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Recently there has been discussion on Alpine-L concerning Dicentra 'King of Hearts', with reference to desirable Dicentra hybrids involving the renowned Japanese species, D. peregrina, and some of the western American species. This small gallery illustrates a plant of similar provenance that I once grew in my Bellevue, Washington garden, back in the mid 1980s.  Wish I still had it!

Dicentra peregrina  x  eximia    copyright  Phil Pearson

Dicentra peregrina x eximia

Approximately 1985, I received a young plant from Ev Whittemore selected from a series of variable hybrids between Dicentra peregrina and the American species Dicentra eximia.  She informed me that the plant came from a Japanese grower who created numerous hybrids between D. peregrina and a couple of American species (eximia, formosa ssp.oregana), and this plant represented just one of many unnamed hybrids.  It is likely this is one of the "Rokujo Hybrids" developed by Japanese nurseryman Dr. Tsushenige Rokujo, but I've never confirmed that fact.


The plant shown here was photographed by Phil Pearson of Grand Ridge Nursery, Issaquah, Washington, growing in one of Phil Pearson's beautiful hand made pots.


Dicentra peregrina  x  eximia - close up view   copyright  Phil Pearson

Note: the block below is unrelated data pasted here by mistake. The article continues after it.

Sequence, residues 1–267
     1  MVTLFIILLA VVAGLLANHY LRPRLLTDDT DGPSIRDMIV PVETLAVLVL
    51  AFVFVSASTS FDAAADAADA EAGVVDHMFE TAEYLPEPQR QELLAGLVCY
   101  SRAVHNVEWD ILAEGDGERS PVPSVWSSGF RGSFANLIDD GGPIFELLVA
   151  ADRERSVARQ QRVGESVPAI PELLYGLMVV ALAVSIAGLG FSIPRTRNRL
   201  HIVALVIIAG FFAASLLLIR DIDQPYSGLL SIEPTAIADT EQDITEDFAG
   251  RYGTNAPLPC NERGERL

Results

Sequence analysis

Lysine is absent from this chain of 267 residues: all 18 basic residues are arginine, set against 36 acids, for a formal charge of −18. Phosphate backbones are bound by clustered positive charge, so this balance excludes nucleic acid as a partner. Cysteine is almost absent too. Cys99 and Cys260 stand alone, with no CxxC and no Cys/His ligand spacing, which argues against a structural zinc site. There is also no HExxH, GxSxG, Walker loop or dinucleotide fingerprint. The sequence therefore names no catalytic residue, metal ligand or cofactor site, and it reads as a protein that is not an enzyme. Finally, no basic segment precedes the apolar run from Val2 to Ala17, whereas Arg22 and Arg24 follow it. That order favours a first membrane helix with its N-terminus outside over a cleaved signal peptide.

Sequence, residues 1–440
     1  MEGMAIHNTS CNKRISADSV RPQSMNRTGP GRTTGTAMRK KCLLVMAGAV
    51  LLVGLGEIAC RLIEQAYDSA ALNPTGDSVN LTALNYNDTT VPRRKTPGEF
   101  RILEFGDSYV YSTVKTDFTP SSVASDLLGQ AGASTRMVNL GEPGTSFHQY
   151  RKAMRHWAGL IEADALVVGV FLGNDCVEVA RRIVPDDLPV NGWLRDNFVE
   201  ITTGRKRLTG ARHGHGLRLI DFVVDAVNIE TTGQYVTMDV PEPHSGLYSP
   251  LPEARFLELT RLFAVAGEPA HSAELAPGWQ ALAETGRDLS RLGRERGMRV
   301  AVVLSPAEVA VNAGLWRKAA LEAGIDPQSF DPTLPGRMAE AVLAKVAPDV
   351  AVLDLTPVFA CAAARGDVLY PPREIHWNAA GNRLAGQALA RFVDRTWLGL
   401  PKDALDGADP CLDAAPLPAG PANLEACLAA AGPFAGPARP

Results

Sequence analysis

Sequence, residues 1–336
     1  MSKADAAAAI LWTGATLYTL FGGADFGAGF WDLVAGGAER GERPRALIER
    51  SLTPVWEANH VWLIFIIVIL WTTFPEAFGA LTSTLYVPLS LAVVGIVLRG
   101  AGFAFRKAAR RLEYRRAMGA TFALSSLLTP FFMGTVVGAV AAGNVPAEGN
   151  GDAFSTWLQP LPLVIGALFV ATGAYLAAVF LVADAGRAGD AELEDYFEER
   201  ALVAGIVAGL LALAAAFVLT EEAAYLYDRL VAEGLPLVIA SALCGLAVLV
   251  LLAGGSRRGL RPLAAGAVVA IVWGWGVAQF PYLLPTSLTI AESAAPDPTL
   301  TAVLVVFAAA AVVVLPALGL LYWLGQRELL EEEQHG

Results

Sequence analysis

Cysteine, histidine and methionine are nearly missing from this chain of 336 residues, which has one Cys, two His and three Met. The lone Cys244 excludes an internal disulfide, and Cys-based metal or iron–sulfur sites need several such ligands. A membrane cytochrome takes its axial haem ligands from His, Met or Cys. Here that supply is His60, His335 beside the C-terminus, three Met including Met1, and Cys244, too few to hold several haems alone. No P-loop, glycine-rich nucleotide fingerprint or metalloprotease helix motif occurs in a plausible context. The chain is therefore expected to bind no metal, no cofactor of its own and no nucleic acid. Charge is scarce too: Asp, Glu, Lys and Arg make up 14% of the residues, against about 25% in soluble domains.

Close-up of Dicentra peregrina x eximia

When I moved back to the Massachusetts in 1986, I gave away my plant either to Siskiyou Rare Plant Nursery or to Grand Ridge Nursery in Issaquah, Washington (I'd have to dig out my records to discover who I sent it to at this point).  I'm not sure how this plant compares to the 'King of Hearts' cultivar, but no doubt all of these small bleeding hearts are beautiful and choice plants to be coveted.

To see two other dicentras, D. cucullaria and D. 'King of Hearts' (Hort), follow this link.


Lewisia rediviva - white form with pink anthers   copyright  2000 Mark McDonough

Close-up of Lewisia rediviva - white form

I couldn't resist throwing in an image of the glorious white-flowered form of Lewisia rediviva.  While normally a pink-flowered species, there exists var. minor, described as having smaller white flowers.  However, plants from the dry mountains of Washington State have larger white flowers and distinctive pink anthers, not really fitting into the var. minor description.  While I was cautioned that this dryland plant was impossible in the open garden in Seattle, the plant pictured above was grown successfully in pure sand and grit, out in the open garden exposed for several years to the infamous Seattle rain and drizzle. 


This species in it's native habitat, gave clues to it's cultivation.  It the Wenatchee Mts., at approximately 5000' elevation, amid jumbles of flat, jagged rocks and dust dry fine silty soil, Lewisia rediviva popped up here and there, presenting an improbable and amusing picture with beautiful white goblets peeking out from under the rocks.  If the flat, hand-sized rocks giving shelter to one of these beauties was lifted, there were forked carrot-like roots laying horizontally, mostly exposed and barely engaged with the soil.  In the garden, I gave them similar treatment, planting on sloped raised beds, spreading the roots horizontally on top of sand/grit "soil" and just barely covering them, then placing a flat rock over the root.


I notice that Ron Ratko of Northwest Native Seeds offers this beautiful form in his newest December 2000 seed catalog.


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Questions or comments on this page?  Contact Mark McDonough at antennaria@aol.com.

Images and textual content copyright 2000 Mark McDonough

This page was last updated on 05/08/01